In mathematics, antiholomorphic functions (also called antianalytic functions) are a family of functions closely related to but distinct from holomorphic functions.
A function of the complex variable z defined on an open set in the complex plane is said to be antiholomorphic if its derivative with respect to z exists in the neighbourhood of each and every point in that set, where z is the complex conjugate.
A definition of antiholomorphic function follows:
"[a] function of one or more complex variables [is said to be anti-holomorphic if (and only if) it] is the complex conjugate of a holomorphic function ."
One can show that if f(z) is a holomorphic function on an open set D, then f(z) is an antiholomorphic function on D, where D is the reflection against the x-axis of D, or in other words, D is the set of complex conjugates of elements of D. Moreover, any antiholomorphic function can be obtained in this manner from a holomorphic function. This implies that a function is antiholomorphic if and only if it can be expanded in a power series in z in a neighborhood of each point in its domain. Also, a function f(z) is antiholomorphic on an open set D if and only if the function f(z) is holomorphic on D.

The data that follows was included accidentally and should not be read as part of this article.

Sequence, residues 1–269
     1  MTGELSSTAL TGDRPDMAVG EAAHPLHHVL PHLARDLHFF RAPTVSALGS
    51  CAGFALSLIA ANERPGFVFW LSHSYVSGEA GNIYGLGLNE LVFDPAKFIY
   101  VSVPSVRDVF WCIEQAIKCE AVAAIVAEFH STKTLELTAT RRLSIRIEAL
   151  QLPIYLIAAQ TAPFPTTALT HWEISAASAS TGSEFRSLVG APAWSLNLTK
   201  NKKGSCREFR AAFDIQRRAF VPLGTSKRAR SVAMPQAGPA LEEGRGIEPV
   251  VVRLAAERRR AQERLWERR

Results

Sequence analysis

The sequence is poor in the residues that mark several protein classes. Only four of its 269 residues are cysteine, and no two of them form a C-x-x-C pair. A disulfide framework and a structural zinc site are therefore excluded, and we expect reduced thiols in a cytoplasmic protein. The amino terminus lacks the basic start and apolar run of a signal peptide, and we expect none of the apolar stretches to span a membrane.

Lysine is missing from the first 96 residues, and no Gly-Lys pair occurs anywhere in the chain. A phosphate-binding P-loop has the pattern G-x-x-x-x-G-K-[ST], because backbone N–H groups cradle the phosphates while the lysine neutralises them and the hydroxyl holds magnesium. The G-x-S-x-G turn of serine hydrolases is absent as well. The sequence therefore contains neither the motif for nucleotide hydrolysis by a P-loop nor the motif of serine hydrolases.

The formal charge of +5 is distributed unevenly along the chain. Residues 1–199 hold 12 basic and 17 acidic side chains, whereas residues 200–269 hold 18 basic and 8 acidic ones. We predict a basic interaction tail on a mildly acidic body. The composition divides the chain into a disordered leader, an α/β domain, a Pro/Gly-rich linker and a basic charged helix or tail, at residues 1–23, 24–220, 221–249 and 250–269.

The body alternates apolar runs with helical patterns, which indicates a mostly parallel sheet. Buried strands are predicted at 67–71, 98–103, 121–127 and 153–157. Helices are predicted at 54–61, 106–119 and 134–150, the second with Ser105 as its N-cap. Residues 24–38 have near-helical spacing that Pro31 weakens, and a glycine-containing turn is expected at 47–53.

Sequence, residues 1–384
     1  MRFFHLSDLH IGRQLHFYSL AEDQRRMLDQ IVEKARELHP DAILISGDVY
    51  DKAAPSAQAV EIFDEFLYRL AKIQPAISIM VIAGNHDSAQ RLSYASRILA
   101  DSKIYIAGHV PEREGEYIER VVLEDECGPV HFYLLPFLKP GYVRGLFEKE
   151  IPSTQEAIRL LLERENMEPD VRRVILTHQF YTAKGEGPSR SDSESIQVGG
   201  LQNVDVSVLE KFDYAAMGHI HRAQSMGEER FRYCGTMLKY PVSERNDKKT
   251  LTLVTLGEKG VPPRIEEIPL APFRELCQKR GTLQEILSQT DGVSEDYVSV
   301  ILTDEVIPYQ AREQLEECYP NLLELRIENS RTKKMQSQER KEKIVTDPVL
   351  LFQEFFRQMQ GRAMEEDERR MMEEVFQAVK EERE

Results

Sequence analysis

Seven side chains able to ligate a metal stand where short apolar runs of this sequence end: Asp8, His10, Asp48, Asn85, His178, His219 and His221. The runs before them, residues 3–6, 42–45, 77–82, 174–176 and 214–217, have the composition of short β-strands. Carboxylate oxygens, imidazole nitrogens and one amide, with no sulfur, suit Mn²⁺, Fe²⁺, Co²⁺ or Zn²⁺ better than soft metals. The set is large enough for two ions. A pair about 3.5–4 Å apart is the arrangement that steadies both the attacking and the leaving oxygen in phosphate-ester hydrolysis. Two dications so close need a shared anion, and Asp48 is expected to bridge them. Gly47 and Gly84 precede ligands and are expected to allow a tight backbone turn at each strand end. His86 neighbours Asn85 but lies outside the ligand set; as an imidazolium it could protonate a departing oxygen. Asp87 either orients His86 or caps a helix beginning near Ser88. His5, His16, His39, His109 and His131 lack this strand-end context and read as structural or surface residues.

If a function is both holomorphic and antiholomorphic, then it is constant on any connected component of its domain.